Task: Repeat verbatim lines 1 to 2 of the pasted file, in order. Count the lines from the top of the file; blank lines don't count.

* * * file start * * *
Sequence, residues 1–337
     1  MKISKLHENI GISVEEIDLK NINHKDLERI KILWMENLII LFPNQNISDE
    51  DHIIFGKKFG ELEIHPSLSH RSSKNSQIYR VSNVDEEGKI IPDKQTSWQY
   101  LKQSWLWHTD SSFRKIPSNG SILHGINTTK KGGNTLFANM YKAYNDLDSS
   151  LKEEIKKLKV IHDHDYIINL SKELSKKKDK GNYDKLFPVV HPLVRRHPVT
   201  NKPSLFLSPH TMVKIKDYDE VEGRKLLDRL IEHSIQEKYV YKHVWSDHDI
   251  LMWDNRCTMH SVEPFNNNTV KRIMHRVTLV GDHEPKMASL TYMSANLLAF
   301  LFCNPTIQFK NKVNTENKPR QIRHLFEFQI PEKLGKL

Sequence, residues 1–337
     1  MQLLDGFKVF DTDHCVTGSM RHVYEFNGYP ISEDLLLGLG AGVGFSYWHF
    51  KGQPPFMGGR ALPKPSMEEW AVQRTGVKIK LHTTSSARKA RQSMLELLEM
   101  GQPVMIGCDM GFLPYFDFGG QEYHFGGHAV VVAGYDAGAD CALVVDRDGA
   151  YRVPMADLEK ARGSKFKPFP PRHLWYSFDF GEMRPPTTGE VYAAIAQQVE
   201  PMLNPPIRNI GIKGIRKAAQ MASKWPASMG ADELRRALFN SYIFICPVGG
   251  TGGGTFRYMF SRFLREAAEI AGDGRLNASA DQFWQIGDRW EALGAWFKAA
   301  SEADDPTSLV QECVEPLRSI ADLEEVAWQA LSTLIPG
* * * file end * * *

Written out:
Sequence, residues 1–337
     1  MKISKLHENI GISVEEIDLK NINHKDLERI KILWMENLII LFPNQNISDE